The 366 daily episodes in 2014 were chronological snapshots of earth history, beginning with the Precambrian in January and on to the Cenozoic in December. You can find them all in the index in the right sidebar. In 2015, the daily episodes for each month were assembled into monthly packages, and a few new episodes were posted. Now, the blog/podcast is on a weekly schedule with diverse topics, and the Facebook Page showcases photos on Mineral Monday and Fossil Friday. Thanks for your interest!

Sunday, January 12, 2014

January 2: 4,300,000,000 years ago



by Richard I. Gibson

The basic structure of the earth had formed by about 300,000,000 years after it began. This involved the further separation of denser and lighter materials, as well as things like water and gases being emitted to form the oceans and atmosphere.


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Image by Kelvinsong, via Wikipedia, under Creative Commons license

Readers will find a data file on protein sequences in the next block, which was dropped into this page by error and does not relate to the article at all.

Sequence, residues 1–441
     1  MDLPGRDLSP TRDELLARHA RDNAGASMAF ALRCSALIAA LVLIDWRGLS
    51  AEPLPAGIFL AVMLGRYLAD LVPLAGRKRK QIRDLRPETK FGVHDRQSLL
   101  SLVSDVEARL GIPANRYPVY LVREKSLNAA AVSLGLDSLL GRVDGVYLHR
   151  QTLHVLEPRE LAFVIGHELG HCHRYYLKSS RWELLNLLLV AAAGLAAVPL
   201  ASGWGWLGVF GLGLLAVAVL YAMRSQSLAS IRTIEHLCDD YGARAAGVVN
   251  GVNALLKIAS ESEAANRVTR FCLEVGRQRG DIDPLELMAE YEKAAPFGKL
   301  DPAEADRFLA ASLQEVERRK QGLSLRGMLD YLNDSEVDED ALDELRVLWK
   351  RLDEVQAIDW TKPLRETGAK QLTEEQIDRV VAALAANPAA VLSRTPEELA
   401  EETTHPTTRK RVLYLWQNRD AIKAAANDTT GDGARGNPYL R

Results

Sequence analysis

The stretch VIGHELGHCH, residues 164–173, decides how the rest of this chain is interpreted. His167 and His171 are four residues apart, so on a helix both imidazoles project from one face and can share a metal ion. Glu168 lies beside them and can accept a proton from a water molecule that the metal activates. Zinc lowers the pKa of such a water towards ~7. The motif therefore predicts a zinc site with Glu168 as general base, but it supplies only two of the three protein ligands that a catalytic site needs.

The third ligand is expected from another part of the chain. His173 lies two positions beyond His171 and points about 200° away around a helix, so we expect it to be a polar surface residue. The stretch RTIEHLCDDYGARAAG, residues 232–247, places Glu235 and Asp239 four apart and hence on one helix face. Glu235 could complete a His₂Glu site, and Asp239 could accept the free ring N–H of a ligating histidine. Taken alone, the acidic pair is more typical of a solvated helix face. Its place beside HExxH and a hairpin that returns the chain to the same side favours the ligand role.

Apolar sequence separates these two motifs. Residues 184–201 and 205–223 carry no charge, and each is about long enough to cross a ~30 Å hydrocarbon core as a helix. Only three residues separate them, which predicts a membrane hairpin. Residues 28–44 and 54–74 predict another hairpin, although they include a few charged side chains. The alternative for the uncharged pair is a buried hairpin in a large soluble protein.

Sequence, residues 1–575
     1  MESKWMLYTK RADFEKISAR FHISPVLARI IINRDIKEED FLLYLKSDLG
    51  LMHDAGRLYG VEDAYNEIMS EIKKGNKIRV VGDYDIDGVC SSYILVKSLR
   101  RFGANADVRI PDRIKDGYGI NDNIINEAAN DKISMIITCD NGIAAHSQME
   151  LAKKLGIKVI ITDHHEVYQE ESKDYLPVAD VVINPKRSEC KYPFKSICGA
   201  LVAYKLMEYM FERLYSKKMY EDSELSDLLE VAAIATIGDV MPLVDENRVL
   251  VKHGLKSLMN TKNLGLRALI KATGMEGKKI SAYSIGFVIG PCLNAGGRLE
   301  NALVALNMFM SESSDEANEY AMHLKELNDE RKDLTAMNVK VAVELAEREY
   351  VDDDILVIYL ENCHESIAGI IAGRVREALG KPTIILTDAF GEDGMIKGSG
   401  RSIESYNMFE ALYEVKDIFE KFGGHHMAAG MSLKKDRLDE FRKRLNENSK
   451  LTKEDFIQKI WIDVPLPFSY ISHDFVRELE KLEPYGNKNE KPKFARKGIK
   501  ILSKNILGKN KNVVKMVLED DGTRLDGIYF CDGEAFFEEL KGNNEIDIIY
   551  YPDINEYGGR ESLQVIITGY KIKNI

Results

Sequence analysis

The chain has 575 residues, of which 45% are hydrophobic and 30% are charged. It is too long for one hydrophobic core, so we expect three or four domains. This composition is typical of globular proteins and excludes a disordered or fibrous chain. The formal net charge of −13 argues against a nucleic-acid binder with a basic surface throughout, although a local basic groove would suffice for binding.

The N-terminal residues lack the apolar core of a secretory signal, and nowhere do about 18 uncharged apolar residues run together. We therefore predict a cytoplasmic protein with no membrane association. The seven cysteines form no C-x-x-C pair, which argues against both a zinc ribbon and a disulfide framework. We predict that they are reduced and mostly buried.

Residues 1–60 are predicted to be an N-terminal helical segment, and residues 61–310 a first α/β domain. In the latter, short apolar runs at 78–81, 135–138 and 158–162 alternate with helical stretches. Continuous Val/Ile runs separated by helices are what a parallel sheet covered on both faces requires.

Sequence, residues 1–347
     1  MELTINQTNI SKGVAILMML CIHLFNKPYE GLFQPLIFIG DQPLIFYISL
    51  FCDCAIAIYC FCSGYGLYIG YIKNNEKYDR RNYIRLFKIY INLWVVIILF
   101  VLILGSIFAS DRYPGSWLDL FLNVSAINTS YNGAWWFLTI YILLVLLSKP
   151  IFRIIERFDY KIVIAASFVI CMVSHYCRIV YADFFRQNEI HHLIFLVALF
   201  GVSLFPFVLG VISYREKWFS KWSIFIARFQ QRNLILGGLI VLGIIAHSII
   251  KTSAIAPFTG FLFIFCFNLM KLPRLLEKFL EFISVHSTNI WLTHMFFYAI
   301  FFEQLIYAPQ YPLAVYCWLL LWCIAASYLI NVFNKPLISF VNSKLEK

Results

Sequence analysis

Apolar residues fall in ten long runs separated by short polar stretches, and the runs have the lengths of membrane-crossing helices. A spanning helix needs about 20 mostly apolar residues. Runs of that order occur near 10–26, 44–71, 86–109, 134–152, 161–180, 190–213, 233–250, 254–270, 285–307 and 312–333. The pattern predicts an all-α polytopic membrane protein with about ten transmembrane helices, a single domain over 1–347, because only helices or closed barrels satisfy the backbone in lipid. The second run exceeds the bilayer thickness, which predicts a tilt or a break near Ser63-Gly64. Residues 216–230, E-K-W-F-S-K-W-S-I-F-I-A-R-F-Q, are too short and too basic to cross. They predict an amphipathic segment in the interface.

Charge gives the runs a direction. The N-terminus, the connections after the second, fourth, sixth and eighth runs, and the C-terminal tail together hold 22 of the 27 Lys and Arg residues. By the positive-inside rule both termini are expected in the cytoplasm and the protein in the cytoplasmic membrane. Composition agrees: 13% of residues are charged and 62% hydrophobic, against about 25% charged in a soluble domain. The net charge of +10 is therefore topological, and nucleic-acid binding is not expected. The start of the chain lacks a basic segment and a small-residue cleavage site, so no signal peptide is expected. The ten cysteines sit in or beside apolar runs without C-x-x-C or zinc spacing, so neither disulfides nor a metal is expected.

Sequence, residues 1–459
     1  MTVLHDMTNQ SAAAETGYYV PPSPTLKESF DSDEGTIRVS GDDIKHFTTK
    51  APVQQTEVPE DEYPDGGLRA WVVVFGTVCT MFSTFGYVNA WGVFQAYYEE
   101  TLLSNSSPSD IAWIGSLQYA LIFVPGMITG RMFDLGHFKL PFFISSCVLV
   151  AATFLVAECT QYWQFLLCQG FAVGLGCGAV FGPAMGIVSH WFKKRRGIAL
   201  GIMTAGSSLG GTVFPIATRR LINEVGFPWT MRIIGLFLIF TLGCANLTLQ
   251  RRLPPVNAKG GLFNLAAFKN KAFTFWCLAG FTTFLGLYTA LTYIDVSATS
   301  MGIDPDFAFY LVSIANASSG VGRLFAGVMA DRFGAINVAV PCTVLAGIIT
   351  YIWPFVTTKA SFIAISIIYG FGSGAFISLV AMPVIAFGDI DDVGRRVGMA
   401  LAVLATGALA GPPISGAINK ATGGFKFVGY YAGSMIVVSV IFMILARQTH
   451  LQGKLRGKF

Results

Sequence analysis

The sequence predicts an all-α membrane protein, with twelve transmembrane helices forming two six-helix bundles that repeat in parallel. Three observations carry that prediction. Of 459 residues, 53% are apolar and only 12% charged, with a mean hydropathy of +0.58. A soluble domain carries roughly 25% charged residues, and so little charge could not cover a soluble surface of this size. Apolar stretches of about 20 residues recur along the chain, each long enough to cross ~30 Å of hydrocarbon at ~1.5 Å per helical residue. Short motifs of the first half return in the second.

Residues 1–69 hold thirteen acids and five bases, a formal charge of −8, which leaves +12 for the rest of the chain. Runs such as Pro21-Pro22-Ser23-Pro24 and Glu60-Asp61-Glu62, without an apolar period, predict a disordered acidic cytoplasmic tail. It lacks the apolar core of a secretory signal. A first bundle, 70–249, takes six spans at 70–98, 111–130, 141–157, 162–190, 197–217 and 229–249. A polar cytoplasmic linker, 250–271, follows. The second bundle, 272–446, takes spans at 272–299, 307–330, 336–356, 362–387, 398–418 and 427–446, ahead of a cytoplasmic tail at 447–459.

4 comments:

  1. The earths crust is as thin as 3 miles? Where?

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    1. Oceanic crust is typically 3-5 miles thick under the oceans. Continental crust is much thicker, around 25 miles, but thinner in places and significantly thicker under mountain ranges. http://volcano.oregonstate.edu/education/vwlessons/lessons/Earths_layers/Earths_layers4.html

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  2. Was there already a solid core 300 million years after the Earth's formation, or was the core all liquid? And today, 4 billion years later, is the solid core slowly growing at the expense of the liquid core, or is its size static? A more comprehensive question could be this: which of these two is larger, heat generation by radioactive decay or heat loss by convection to the surface? In other words, is the interior of the Earth slowly cooling down or slowly heating up?

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    1. Excellent question. I'll add it to the list of future episodes because I think it will take some research - which is to say, the answer isn't simple. Thanks!

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